A recent study conducted by researchers at McMaster University and Hamilton Health Sciences has found that not eating enough of six key foods may increase the risk of cardiovascular disease. The study, published in the European Heart Journal, analyzed data from the Population Research Health Institute's large-scale global Prospective Urban and Rural Epidemiological study.
The researchers discovered that consuming whole fruits, vegetables, legumes, nuts, fish, and whole-fat dairy products was crucial in lowering the risk of cardiovascular disease, including heart attacks and strokes. The study also highlighted that a healthy diet can be achieved in various ways, such as including moderate amounts of whole grains or unprocessed meats.
Unlike previous diet scores, which combined both harmful and protective foods, this study focused solely on the beneficial foods. The PURE Healthy Diet Score recommends specific servings of each food group, including 2-3 servings of fruit and vegetables daily, 1 serving of nuts daily, 2 servings of dairy daily, 3-4 weekly servings of legumes, and 2-3 weekly servings of fish. It also suggests possible substitutes like whole grains or unprocessed red meat or poultry.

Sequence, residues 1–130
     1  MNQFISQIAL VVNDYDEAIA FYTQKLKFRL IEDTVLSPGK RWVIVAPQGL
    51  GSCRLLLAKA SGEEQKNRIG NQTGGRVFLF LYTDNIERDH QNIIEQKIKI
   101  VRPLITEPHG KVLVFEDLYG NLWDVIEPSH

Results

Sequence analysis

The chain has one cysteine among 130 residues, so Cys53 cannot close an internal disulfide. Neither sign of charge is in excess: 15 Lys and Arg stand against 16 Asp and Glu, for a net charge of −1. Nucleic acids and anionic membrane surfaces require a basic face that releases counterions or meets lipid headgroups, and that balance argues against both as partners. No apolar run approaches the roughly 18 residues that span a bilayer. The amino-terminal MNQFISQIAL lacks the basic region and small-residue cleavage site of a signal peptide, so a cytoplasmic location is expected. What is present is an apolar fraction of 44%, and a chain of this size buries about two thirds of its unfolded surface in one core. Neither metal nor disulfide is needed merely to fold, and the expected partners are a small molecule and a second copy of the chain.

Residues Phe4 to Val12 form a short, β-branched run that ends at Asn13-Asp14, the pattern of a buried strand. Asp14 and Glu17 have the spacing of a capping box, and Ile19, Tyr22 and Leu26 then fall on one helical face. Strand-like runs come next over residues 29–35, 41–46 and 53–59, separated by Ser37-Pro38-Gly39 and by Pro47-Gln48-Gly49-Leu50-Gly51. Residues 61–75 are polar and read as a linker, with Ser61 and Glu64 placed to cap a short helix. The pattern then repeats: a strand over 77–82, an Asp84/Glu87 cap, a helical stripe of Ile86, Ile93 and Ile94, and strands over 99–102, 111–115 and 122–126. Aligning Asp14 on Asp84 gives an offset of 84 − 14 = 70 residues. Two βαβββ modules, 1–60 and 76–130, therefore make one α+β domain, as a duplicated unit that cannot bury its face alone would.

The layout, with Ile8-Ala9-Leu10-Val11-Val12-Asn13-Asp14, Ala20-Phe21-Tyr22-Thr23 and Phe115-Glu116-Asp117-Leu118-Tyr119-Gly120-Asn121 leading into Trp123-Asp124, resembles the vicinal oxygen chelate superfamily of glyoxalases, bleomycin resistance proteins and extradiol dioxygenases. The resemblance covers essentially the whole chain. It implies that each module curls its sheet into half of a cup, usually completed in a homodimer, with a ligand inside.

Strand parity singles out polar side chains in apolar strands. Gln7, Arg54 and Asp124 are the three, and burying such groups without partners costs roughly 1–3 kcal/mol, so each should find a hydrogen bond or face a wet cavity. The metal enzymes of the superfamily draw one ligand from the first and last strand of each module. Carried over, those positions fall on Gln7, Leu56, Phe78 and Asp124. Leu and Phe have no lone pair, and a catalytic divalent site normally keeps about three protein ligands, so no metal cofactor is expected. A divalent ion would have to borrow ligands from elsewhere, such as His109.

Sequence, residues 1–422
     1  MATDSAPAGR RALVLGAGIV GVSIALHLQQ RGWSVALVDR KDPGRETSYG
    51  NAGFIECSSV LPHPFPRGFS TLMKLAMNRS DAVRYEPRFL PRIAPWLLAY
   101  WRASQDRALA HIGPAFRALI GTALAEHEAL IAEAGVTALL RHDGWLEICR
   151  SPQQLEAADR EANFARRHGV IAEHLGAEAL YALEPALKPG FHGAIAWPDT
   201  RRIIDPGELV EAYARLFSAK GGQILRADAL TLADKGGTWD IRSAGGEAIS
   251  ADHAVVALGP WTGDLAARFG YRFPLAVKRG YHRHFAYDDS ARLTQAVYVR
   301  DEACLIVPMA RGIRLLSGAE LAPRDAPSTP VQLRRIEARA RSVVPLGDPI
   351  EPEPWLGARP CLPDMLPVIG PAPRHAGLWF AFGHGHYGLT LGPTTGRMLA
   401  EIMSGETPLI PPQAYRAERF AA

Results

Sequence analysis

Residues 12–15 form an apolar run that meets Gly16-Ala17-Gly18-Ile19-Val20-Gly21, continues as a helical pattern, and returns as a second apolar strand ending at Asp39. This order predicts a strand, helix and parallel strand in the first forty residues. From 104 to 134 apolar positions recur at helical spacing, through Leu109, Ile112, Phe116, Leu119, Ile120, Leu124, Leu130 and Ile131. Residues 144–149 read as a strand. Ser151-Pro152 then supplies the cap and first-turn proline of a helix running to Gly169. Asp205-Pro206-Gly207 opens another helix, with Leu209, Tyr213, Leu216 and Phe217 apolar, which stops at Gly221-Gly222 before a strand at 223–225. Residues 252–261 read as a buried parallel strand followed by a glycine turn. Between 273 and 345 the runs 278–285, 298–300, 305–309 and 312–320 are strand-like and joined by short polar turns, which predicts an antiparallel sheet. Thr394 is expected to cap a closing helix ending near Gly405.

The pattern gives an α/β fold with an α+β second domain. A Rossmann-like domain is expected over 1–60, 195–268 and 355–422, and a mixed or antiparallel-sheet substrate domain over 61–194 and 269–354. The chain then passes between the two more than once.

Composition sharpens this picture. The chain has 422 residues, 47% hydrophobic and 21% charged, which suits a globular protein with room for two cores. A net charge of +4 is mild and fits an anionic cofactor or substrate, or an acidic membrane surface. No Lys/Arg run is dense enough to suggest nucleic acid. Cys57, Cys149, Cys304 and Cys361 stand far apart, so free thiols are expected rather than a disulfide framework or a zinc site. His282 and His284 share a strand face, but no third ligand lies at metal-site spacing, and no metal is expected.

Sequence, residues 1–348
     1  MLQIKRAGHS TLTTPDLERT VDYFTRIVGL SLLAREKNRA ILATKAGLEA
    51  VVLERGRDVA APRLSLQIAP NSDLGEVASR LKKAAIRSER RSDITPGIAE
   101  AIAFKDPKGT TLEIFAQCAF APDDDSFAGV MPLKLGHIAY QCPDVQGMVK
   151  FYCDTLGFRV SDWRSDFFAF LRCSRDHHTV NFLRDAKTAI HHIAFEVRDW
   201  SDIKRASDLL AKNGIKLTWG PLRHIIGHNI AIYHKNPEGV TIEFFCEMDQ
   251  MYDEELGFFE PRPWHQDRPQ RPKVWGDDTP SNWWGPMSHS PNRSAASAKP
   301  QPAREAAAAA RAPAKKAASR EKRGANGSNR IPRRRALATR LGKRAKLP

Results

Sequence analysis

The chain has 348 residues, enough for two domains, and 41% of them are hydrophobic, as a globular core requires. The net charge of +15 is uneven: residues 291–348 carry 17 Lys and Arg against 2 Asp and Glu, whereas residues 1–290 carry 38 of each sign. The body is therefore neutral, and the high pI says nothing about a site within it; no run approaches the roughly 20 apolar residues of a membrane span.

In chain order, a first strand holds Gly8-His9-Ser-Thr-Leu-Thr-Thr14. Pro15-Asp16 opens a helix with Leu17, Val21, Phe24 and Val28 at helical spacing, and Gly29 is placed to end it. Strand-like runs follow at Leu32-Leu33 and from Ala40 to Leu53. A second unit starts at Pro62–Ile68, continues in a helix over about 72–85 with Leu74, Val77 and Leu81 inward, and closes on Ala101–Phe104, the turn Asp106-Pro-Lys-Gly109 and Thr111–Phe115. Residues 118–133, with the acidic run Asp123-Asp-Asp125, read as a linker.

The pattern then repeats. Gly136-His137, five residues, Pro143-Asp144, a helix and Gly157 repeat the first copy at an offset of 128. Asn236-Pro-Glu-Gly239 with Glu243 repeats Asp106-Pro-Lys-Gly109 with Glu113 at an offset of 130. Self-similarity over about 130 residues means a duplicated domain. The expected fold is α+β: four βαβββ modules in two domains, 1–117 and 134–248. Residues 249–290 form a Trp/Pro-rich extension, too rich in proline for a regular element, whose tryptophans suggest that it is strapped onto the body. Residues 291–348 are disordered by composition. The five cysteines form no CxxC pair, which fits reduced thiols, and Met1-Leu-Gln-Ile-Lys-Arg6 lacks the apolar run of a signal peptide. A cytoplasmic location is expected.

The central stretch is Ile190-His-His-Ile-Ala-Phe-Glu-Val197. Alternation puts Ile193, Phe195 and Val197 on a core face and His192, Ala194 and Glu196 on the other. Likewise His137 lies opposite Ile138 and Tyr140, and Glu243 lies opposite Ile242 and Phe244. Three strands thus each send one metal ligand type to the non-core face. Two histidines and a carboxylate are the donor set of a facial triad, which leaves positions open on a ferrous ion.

Experts, such as cardiologist Dr. Yu-Ming Ni, support these findings and recommend the Mediterranean diet, which includes these same food groups. Dr. Ni emphasizes the importance of portion control, especially for calorie-dense foods like proteins, nuts, and dairy.
Dietitian Andy De Santis believes that diversifying protein intake is essential for optimal heart health and advises incorporating protein sources like nuts, legumes, fish, and soy, which are often under-consumed.
While the study highlights the significance of these food groups, it is important to approach dietary changes in a manageable way. Starting with small changes and focusing on foods you enjoy can make transitioning to a balanced diet easier. It is also suggested to add foods rather than removing them and to prepare snacks and meals ahead of time to avoid unhealthy fast food options.
In conclusion, this study provides valuable insights into the impact of certain foods on cardiovascular health. By incorporating these key food groups into our diets, we can take a proactive approach to reducing the risk of heart disease.